Somewhere, somewhen, there will still be a Jake, and we will be together, and we will be happy. We’ll get married, have families, have barbecues and family get-togethers, laughing over beers or wine coolers or rums-and-Rogers.
Even if I never see any of that, it doesn’t mean it’s not out there.
The bullet tore through my jaw. If I look closely, I can see a tooth embedded in the sheetrock on the far wall, a fleck of white in a mess of strawberry jam.
This final-me appeared just as I was about to key in one last portal, fingers hovering over a screen that was dimmer than it had been three/five/seventy days ago. Waxmann’s hand was black with ants.
I stared at future-me through the portal, barely visible in some preternatural dimness. I stared at the gun future-me was pointing, black or maybe chrome or maybe slate gray.
You can’t do this, he mouthed from across time.
I have to, I mouthed back. Just this one last portal. If I don’t, everything ends. Everything ceases to exist. If I don’t do this, there won’t be anything left.
I know, he said.
As he spoke, I noticed that something was very wrong on his side of the hole. Angles were off. Things seeped and shifted. I could see both his face and the back of his head at the same time, like a Mercator projection.
He fired, and half my face disappeared in a crimson spray.
My finger still floats above an Enter key specked with dots of gore.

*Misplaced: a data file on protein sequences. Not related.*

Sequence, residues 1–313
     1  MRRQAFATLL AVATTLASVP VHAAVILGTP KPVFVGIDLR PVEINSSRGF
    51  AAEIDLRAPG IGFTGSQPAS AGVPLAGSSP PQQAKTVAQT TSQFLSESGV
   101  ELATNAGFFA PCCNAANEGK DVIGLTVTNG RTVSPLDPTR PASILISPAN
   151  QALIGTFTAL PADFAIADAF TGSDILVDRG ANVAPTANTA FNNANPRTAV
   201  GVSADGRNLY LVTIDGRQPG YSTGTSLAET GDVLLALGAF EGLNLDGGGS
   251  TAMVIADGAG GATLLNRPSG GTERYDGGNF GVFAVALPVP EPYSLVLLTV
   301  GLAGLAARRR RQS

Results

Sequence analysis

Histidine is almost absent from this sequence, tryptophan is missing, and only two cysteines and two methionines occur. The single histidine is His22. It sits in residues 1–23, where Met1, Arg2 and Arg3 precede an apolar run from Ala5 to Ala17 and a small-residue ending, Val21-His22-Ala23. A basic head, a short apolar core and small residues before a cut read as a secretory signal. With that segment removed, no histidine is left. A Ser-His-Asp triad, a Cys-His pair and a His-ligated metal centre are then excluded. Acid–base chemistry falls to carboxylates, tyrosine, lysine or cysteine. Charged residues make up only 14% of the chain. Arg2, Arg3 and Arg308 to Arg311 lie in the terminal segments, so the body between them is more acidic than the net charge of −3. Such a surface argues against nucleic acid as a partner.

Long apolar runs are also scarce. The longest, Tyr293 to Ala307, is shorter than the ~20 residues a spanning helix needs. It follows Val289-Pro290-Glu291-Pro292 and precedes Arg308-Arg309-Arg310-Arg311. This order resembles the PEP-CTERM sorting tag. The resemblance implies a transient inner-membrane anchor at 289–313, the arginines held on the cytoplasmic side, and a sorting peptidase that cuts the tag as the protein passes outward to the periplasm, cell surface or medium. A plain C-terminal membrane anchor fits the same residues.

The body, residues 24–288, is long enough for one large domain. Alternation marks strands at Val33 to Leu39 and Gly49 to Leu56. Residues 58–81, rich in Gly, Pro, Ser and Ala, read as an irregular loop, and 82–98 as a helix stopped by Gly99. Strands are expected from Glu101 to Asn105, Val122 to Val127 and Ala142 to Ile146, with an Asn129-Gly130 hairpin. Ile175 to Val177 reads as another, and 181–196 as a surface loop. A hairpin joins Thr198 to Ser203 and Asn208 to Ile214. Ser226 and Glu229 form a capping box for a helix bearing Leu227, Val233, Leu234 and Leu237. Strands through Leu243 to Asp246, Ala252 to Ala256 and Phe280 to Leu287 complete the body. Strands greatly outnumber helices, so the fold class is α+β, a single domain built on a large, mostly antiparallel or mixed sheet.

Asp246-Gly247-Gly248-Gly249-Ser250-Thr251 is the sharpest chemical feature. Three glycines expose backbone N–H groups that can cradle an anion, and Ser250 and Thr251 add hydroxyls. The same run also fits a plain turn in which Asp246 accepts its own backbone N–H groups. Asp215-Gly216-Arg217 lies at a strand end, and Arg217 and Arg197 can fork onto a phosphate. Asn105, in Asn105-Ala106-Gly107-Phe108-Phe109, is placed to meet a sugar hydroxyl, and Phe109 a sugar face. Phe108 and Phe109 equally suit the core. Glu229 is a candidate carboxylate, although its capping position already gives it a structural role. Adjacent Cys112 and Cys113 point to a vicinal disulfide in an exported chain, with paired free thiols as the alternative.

How bad do things have to get before non-existence becomes the best possible solution?
I guess I’ll find out.
By day, Jeff Hemenway analyzes data for the state of California. By night, he still analyzes data, but he doesn’t get paid for it and people ask him to please stop. Somewhere in there, he finds the time to write. His work has appeared previously in such venues as Daily Science Fiction and in the award-nominated horror anthology, Dark Visions.
Browse the Personals:
The One They Took Before, by Kelly Sandoval – Rift opened in my backyard. About six feet tall and one foot wide. Appears to open onto a world of endless twilight and impossible beauty. Makes a ringing noise like a thousand tiny bells. Call (206) 555-9780 to identify.
Ellie and Jim vs. Tony “The Nose,” by Eden Robins – The afterlife resembles nothing so much as an old-fashioned automat. Just this long, narrow, possibly endless room. One wall is lined with shining chrome drawers and those tiny, cloudy windows where you can catch glimpses of sandwiches with wilted lettuce and sometimes more grotesque things, like gall bladders. A big oaf dressed like a 1920s mobster looms over the cash register and is forever giving you the stink-eye, like you might try to jimmy your way into the drawers and steal his gall bladders. The automat only takes quarters and wouldn’t you know it, I forgot my purse.
Methods of Divination, by Tara Isabella Burton – But visions are not prophecies, he told me. Prophecies come true. I sat him down and told him to tell me everything, and promised I would tell him what it meant. “There is a place,” I told him, “where time runs back on itself, where parallel lines converge, and where visions become prophecies. Where you will be not alone. There is a place where everything is reconciled, and the great mountains that cover you in shadow will be made flat before you. The valleys that make you dizzy when you teeter on their edges will be brought to your feet when you walk. There, you will understand your visions.”